Despite Q1’s slow start, publishers are bullish about events revenue for 2023

With publishers reporting that Q1 advertising revenue is tracking 10% to 25% down from forecasts and with RPMs (revenue earned per 1,000 pageviews) from open marketplace programmatic ads down even further — between 20% and 55% year over year — finding silver linings is more important than ever. And based on four publishers’ experiences so far this quarter, it looks like events might be that small saving grace.

Earlier this year, several publishers said they were pushing back the timelines for their tentpole events to the second half of the year, in order to give advertisers more time to secure the budgets necessary for higher-cost event partnerships. This strategy, combined with advertisers’ quest to get the most bang for their buck, seems to have paid off.

Publishers are finding that not only are advertisers willing to sign campaign deals this quarter, but they’re also willing to commit to events as far as nine months out. With these promising indicators, some publishers are anticipating doubling their event revenue this year.

“Experiential [is] something that we’re still really committed to being a big platform for ’23, despite the potential economic challenges for brands,” said a digital publishing executive, who spoke on the condition of anonymity. And early indicators show that brands are willing to spend on event partnerships if they can achieve the ever-desirable, full-funnel reach.

Publishers’ event strategies have been ramping up over time. In the summer, a Digiday+ Research survey found that 78% of publishers said they planned to focus at least a small amount on building their events business in the next six months, with 40% saying building up their events would be a large focus.

But not all publishers agree that experiential will be the saving grace for 2023, especially because quick-turn campaigns are still being prioritized by clients and many publishers don’t have a permanent event space at their disposal.

Another publisher who spoke on the condition of anonymity said they will be prioritizing “a lot more private marketplace and programmatic guaranteed deals.”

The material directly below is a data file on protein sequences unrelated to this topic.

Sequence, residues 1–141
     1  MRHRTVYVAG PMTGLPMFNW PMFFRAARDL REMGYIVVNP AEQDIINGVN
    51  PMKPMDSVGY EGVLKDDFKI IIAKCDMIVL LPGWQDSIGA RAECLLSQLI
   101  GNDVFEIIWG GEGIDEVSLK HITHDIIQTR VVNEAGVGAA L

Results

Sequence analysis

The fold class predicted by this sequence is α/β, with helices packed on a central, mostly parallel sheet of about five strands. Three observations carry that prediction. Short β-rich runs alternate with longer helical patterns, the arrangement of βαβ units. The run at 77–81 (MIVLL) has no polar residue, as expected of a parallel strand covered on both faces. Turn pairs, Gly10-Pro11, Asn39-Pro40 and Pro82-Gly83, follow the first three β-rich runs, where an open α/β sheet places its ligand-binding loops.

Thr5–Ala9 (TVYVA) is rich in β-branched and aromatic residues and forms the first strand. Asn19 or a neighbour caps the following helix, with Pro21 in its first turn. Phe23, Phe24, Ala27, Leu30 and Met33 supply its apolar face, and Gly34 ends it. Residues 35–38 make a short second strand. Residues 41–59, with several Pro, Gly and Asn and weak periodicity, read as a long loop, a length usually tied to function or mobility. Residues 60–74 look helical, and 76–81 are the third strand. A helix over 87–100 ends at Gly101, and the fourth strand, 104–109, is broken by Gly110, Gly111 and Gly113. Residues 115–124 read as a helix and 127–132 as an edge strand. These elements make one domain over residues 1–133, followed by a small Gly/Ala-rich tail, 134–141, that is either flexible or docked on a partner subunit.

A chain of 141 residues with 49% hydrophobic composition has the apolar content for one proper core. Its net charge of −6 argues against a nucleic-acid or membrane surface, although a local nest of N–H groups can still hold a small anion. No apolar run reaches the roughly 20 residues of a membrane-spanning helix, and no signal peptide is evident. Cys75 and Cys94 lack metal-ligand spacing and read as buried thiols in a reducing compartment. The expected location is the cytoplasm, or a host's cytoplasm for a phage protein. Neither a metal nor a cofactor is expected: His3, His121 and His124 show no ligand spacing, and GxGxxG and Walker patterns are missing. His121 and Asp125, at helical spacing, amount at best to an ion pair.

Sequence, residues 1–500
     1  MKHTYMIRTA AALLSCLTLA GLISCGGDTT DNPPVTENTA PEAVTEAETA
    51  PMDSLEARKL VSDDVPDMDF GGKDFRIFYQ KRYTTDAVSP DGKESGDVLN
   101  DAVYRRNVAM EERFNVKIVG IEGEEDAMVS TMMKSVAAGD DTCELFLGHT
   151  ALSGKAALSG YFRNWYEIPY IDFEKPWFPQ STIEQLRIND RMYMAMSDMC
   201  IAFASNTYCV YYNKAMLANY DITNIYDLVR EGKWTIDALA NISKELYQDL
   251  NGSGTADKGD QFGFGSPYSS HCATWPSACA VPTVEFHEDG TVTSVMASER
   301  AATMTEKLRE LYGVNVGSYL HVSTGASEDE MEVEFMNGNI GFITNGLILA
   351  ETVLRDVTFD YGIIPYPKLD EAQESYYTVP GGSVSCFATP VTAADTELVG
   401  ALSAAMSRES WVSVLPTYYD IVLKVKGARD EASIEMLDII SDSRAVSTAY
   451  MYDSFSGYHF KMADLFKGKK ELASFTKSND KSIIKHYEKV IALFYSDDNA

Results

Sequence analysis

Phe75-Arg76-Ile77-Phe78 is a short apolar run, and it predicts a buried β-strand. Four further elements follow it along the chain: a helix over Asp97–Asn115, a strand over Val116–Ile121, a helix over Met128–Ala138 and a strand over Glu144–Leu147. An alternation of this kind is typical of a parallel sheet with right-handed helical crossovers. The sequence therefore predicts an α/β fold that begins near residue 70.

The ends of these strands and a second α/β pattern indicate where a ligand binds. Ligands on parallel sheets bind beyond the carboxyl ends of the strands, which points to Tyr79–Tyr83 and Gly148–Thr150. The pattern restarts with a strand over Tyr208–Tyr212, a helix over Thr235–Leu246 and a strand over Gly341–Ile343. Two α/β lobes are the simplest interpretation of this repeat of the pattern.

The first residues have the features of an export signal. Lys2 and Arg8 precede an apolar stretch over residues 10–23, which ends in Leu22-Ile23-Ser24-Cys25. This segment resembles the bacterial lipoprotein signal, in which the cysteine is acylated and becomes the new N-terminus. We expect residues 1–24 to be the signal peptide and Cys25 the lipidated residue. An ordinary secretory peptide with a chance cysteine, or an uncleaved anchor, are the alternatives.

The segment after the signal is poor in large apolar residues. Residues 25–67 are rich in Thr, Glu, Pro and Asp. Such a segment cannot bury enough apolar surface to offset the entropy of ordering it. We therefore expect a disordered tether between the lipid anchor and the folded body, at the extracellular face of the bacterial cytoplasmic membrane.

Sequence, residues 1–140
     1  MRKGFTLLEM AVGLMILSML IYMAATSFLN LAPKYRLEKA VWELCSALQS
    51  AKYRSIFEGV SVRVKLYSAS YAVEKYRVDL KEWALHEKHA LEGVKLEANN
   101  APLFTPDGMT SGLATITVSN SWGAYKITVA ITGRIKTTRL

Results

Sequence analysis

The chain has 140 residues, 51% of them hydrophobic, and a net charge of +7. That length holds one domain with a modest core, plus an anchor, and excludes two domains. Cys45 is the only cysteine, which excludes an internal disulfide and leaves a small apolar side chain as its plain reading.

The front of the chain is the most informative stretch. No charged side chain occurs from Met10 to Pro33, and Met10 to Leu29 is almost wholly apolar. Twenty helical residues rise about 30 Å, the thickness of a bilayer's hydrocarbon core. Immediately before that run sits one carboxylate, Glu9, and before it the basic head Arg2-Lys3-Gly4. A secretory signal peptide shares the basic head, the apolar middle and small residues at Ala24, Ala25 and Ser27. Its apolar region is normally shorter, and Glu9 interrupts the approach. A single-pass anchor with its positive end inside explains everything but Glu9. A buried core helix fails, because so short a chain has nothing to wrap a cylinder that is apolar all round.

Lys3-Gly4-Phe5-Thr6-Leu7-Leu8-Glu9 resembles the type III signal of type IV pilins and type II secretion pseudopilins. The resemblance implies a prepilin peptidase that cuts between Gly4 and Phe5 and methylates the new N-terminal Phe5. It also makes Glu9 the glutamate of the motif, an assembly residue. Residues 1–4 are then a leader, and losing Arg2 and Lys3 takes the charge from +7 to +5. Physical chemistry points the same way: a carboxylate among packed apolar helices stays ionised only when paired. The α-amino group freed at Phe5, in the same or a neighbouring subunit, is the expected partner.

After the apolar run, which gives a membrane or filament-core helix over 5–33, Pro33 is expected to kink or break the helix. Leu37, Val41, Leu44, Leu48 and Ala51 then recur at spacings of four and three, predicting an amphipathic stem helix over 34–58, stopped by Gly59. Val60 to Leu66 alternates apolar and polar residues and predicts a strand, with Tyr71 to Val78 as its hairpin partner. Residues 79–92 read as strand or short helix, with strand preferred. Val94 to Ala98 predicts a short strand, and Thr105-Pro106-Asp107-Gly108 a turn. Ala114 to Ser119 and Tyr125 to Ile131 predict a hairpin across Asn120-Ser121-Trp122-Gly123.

“I don’t think you’ll see from anyone in this space, some ginormous, meaty, experiential [campaigns] that would be too top-of-the-funnel [focused], given the uncertainty [of the economy this year],” the publisher added.

Guaranteeing more results

A significant appeal of events is they can offer a more holistic set of data post-campaign that advertisers are not always able to get from digital campaigns or social media branded content, according to the publisher. For example, being directly in front of audiences can guarantee people interact with the brand, and social amplification around events can provide more impressions even beyond the people in attendance. In some cases, adding commerce components can also provide a full-funnel effect, from brand awareness to point of purchase.

“From a client’s perspective, they want to spend their money where their money is gonna work the hardest and they’re going to get the most return from every dollar spent,” said Jon Lefferts, evp of integrated investment at UM.

Apartment Therapy was one publisher that pushed back the timeframe for its tentpole event Small/Cool to the fall of 2023 after it took place in spring during the year prior. About nine to 10 months out from the event, the company signed two sponsors that together represent a quarter of the anticipated revenue for Small/Cool, according to Apartment Therapy president Riva Syrop.

Overall, interest in events (both standalone custom events and sponsorships on editorial events) has “significantly increased” year over year, Syrop added. She declined to share exact growth figures, but said that this increase in interest from advertisers is largely attributed to brands wanting to be a part of “proven franchises” that will deliver on the objectives, or key performance indicators, they need to justify their marketing budgets in 2023.